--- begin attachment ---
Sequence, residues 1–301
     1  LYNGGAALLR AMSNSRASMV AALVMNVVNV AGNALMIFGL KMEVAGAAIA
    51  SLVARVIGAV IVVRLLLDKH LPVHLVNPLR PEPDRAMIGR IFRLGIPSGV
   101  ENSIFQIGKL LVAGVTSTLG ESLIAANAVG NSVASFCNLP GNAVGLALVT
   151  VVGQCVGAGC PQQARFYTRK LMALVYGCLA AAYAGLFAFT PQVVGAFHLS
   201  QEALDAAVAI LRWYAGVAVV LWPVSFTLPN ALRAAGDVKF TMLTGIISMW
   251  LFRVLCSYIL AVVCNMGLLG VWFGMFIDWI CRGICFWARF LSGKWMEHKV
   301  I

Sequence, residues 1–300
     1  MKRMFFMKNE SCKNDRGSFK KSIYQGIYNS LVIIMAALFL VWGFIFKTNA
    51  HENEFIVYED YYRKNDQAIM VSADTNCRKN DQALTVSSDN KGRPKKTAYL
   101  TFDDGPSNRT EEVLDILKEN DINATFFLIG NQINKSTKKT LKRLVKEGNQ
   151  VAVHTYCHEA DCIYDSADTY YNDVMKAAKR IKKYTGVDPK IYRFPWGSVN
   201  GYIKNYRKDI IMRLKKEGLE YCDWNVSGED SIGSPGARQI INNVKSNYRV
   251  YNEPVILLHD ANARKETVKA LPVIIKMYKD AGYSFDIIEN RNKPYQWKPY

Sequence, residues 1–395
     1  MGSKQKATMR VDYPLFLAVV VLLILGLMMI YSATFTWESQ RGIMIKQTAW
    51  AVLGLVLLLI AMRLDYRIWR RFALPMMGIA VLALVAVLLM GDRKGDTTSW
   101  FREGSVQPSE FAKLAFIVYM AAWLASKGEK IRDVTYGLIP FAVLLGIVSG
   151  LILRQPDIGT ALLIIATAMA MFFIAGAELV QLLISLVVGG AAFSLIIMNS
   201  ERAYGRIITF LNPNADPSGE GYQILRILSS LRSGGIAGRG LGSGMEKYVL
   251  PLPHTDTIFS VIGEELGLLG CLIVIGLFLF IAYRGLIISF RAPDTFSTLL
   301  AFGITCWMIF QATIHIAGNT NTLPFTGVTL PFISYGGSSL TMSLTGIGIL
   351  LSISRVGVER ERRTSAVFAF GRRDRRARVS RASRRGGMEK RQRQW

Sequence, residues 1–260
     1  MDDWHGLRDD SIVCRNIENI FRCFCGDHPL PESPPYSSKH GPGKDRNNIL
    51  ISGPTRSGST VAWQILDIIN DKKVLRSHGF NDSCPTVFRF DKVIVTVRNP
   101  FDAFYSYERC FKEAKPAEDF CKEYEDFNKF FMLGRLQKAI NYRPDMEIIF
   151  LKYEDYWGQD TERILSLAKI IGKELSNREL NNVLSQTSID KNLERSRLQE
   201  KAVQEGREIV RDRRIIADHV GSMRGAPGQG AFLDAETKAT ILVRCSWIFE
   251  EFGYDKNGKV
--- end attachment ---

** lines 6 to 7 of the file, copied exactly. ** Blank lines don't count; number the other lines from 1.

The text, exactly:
   201  QEALDAAVAI LRWYAGVAVV LWPVSFTLPN ALRAAGDVKF TMLTGIISMW
   251  LFRVLCSYIL AVVCNMGLLG VWFGMFIDWI CRGICFWARF LSGKWMEHKV